When I moved to Germany nine years ago, the last thing I wanted to do was acculturate. Pseudo-intellectual conversations involving names like Kant and Benjamin nearly made me drop out of graduate school. So why was I leaving everything in the US behind to go to a country where even average high school kids can recite their philosophies front to back?
Why was I moving to the place made famous by Mike Myers’ skit featuring Dieter, he of the tight black turtleneck, greased hair and wire-rimmed glasses, who on his faux talk show once asked Kyle MacLachlan if he wanted to pet his monkey before breaking into robotic dance moves?
Most pressing of all, why was I going somewhere where people spoke a language I could never get my head around (and which Mark Twain once famously said would take 30 years to learn properly). A place where, when a person speaks English, he sounds so much like a B-movie villain, I can’t help but laugh out loud?
A lot has changed in the meantime. I no longer giggle when someone asks, Jou vant to pat mah monkey? Instead, I reply (in my increasingly good German), Deine Schlappschwanz? Oh bitte nicht! For another, I actually get to have these conversations now, since I’m recently divorced.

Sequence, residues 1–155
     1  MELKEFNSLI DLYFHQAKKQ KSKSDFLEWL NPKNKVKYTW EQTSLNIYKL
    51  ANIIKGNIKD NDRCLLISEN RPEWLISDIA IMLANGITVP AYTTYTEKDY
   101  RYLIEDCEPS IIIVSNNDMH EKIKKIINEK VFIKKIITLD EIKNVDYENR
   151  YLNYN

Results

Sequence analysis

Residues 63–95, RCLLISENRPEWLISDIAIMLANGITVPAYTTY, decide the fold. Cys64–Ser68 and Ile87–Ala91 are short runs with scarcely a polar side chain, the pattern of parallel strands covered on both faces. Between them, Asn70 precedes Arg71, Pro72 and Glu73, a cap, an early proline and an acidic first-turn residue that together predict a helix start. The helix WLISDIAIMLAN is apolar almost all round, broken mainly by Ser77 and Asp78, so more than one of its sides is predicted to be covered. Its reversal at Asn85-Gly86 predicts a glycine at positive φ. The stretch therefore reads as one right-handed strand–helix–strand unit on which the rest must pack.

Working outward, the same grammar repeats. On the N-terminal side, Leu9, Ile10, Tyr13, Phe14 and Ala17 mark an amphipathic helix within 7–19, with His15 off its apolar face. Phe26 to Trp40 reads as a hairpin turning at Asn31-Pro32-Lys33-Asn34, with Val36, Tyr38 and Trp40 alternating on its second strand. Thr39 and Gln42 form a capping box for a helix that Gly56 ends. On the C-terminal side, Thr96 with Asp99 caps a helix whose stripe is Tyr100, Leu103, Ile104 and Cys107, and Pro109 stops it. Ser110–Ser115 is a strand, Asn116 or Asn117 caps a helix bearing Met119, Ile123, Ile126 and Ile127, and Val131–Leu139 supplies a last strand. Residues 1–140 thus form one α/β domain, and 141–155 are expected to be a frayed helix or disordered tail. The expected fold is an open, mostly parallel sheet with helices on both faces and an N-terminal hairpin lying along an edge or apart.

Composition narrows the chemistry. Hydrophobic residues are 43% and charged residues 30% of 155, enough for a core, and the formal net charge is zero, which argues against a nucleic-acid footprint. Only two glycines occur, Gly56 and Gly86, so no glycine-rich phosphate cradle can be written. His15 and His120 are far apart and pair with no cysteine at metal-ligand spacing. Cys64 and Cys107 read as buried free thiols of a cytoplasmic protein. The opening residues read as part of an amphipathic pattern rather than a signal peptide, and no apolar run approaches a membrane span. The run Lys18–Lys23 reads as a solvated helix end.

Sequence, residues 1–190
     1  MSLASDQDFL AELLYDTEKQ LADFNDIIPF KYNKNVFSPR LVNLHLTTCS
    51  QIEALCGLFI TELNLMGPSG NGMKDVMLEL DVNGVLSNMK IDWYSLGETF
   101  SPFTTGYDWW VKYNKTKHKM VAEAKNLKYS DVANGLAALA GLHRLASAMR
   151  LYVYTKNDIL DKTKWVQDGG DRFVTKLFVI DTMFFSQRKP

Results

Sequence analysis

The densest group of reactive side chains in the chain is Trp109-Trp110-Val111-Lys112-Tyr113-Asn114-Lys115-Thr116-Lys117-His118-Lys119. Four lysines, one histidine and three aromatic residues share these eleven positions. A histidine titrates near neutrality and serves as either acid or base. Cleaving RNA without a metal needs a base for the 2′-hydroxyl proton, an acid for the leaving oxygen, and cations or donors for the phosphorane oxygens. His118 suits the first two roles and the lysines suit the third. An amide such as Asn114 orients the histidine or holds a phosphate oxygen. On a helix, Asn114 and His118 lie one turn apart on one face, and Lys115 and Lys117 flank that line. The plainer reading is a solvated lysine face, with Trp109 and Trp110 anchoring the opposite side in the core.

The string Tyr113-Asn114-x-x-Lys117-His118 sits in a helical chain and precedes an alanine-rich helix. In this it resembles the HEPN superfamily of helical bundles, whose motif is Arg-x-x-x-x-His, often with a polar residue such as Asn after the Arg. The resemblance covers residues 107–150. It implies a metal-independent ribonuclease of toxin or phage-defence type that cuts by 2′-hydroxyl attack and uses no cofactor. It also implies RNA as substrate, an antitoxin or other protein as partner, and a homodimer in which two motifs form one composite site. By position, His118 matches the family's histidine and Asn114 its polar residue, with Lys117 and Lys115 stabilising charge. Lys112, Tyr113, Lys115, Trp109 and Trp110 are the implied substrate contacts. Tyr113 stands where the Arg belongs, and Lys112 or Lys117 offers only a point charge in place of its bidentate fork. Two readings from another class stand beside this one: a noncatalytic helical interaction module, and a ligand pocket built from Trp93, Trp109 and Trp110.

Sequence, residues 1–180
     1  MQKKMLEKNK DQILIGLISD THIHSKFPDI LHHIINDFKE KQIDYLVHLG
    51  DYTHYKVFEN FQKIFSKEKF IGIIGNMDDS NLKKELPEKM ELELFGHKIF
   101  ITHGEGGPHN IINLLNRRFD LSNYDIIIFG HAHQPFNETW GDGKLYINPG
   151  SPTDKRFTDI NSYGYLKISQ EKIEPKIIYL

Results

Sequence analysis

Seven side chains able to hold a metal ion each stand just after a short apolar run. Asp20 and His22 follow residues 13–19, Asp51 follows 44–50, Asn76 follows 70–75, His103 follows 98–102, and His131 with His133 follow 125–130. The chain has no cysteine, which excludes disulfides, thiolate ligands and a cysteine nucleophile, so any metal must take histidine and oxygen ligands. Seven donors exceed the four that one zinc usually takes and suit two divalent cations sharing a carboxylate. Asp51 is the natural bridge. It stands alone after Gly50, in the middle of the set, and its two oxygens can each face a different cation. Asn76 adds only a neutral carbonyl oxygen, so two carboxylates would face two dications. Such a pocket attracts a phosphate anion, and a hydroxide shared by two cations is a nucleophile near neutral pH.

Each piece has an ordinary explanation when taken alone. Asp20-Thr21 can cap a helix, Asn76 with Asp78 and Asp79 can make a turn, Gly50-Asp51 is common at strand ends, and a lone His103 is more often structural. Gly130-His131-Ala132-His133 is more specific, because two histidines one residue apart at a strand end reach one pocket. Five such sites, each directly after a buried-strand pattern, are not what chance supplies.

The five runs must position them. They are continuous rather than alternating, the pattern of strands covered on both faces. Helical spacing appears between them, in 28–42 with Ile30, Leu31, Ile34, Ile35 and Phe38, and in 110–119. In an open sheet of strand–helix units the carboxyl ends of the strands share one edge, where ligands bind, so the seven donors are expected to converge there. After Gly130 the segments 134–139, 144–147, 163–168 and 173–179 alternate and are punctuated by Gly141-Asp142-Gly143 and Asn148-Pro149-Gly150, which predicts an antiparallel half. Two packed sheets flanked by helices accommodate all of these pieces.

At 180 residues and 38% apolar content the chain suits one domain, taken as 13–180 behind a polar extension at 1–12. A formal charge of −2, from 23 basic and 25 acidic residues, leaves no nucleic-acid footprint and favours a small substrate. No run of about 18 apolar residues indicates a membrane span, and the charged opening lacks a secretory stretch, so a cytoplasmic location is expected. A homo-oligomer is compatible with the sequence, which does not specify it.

And that’s partially what this blog is about – documenting the strangeness that is mid-life dating in a foreign country. Because although I’d like to say I’ve come to know the Germans and their ways well over the last few years, being single has taught me a lot about these people that I’m not sure I wanted to know. Like their feelings about depilation (a Muss for both sexes!).
If dating is a labyrinth filled with false doors and booby traps, then dating in Germany is like wandering the maze blindfolded. The rules I could never figure out as a teenager – I met my ex-husband when I was 19 so I missed that whole decade of discovery in my 20s – are different here and I’m still feeling my way around in the dark to figure out what they may be.
Despite my attempts to understand Zee Germans, to acculturate if you will, I still own zero black turtlenecks and absolutely no lederhosen (a misleading title, I know). I could likewise not give a hoot what Walter Benjamin or Sigmund Freud (I know he’s Austrian, but the accent fits) would have to say about that. That’s one thing that’ll never change about me: my total lack of interest in theories or philosophies, Protestant or otherwise.
I still can’t answer anyone who asks why I came here, but one thing’s for sure: I’ve got no plans to leave any time soon. And that’s the other part of what this blog is about – exploring the purgatory that is expatriatism, the limbo of trying to build up a life in a place that still feels too foreign to be home, but of having no home “to go back to.” Of being neither here nor there, but knowing there is nowhere else I’d rather be. Even if all the guys do shave their armpits.